Specifically, SkyTruth stated that the slick stretches were at least 117 kilometres.

To the right, the slick trails beyond the edge of available imagery. Though they weren't able to see the responsible vessel on this image, the sharp linear impression of the slick indicates that it probably passed through the area within 24 hours of the scene’s capture.

Credit: SkyTruth

As there was a feeling of uncertainty, SkyTruth analyst Bjorn Bergman verified this presumption.

To look for common features in timing and trajectory, Bergman used ExactEarth’s ShipView, a web-based platform that provides access to automatic identification system broadcasts, and identified the Indonesian crude oil tanker GAMSUNORO as a possible source.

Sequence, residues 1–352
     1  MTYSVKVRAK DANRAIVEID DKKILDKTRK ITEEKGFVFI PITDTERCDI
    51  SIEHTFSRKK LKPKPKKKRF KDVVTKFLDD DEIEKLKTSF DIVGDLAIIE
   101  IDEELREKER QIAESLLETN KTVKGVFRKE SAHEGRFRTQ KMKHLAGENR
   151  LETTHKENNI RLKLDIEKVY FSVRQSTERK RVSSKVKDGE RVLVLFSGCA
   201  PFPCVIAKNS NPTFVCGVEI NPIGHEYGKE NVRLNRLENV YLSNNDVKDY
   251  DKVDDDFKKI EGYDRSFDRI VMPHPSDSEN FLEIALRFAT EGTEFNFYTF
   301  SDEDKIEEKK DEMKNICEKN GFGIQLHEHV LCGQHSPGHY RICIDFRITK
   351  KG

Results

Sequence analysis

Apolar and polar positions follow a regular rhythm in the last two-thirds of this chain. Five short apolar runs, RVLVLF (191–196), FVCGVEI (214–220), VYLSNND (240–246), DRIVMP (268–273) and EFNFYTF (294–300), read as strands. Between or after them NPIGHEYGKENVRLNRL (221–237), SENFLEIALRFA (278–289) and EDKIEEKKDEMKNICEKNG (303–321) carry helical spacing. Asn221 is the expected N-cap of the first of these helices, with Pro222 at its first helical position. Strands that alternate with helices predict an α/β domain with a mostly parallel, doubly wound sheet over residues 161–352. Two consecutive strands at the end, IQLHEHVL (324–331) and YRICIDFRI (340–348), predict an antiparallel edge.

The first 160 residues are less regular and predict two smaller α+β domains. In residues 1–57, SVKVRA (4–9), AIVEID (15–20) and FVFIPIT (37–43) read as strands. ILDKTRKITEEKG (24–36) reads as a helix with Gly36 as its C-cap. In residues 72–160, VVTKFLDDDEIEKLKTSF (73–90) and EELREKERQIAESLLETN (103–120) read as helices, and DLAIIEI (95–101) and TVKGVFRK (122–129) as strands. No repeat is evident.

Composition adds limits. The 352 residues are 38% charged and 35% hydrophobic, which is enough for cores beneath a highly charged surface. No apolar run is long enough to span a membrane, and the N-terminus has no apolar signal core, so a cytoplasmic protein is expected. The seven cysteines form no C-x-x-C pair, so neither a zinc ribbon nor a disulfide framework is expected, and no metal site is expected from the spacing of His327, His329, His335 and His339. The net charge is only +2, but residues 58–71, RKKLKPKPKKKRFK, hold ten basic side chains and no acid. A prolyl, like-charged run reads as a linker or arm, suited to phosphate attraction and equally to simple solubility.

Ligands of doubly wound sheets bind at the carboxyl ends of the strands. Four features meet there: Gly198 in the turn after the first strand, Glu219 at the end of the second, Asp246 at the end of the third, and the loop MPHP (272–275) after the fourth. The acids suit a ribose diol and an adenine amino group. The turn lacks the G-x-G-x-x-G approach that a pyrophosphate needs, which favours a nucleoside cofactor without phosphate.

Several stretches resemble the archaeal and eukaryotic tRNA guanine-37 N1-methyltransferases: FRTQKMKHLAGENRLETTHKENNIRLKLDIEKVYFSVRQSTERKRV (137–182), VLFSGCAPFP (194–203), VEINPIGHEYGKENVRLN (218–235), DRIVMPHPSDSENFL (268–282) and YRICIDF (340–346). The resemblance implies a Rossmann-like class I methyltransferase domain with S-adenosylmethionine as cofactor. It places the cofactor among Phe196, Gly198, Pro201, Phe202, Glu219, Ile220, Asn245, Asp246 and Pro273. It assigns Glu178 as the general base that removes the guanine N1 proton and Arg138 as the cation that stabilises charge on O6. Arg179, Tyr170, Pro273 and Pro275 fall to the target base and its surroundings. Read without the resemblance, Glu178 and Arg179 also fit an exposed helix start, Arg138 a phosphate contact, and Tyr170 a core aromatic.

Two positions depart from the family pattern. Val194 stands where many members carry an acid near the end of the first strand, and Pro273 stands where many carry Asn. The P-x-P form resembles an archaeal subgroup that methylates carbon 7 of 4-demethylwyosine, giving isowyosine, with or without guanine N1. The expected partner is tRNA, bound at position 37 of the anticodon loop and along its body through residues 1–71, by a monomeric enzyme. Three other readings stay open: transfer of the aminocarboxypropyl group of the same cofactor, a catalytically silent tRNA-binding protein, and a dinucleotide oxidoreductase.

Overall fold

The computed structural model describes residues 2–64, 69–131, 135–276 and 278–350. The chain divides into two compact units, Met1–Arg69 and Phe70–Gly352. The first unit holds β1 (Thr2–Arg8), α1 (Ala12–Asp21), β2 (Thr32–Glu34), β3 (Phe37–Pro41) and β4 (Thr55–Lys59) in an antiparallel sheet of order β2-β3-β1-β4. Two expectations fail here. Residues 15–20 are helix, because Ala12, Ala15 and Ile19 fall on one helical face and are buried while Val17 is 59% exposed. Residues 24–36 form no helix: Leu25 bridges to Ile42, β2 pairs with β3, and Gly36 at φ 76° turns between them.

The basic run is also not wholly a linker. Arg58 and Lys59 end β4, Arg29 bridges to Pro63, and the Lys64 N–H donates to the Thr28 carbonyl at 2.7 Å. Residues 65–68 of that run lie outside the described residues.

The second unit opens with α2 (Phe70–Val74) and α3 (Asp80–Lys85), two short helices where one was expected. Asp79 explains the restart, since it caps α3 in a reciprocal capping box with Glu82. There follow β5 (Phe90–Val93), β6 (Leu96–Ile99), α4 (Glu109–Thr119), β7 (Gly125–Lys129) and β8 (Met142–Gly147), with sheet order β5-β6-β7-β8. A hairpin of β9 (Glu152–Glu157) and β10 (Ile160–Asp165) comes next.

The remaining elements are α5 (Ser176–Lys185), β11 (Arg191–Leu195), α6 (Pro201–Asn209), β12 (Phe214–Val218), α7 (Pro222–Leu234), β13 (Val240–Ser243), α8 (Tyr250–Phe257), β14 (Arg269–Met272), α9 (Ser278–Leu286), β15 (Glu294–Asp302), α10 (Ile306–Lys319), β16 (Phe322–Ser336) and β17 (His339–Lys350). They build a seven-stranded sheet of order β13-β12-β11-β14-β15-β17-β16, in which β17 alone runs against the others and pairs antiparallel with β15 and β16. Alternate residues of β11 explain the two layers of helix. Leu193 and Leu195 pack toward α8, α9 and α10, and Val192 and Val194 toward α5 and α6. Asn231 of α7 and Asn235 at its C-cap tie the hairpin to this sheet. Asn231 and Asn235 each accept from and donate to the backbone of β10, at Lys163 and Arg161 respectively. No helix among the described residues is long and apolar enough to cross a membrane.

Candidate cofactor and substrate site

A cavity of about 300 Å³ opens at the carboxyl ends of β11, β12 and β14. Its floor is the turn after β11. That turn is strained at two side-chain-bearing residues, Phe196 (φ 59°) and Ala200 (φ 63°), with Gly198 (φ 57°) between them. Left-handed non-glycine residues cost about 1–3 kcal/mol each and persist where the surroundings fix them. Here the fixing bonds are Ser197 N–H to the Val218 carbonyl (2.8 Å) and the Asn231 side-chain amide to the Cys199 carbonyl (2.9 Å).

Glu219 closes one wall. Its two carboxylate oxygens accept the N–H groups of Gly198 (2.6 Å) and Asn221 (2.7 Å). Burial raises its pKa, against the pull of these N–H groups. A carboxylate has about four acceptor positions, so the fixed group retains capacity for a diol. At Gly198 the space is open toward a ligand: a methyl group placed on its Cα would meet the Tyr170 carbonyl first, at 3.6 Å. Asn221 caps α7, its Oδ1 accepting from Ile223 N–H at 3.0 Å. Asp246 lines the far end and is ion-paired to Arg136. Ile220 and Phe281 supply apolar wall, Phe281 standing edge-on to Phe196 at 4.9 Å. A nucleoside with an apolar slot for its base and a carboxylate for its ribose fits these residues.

Credit: SkyTruth

In the meantime, the above image juxtaposes the slick and the vessel's AIS signal. The vessels was travelling southeast, and her first signal was recorder at 12:59 GMT.

At about 14:00 GMT, the vessel encountered the area with the slick. SkyTruth states that the tanker’s predicted track occurred approximately 8 ½ hours before the scene was captured.

It is possible that the slick may have drifted due to steady winds blowing from the NE (~6-13 knots) at least seven hours prior to the image’s capture.

There appears to be a strong correlation in the temporal and spatial attributes of slick and ship, indicating that the GAMSUNORO is a likely source. To corroborate our findings, we followed the ship as it sailed southbound.

To be sure of their results, SkyTruth followed the vessel.

Initially they though the vessel would voyage towards Jakarta; Yet, according to her latest position, she is anchored about 6 miles offshore near the town of Indramayu.  Concluding, the organization states that with an updated info of the vessel's track, they might be able to find evidence that she called the slick.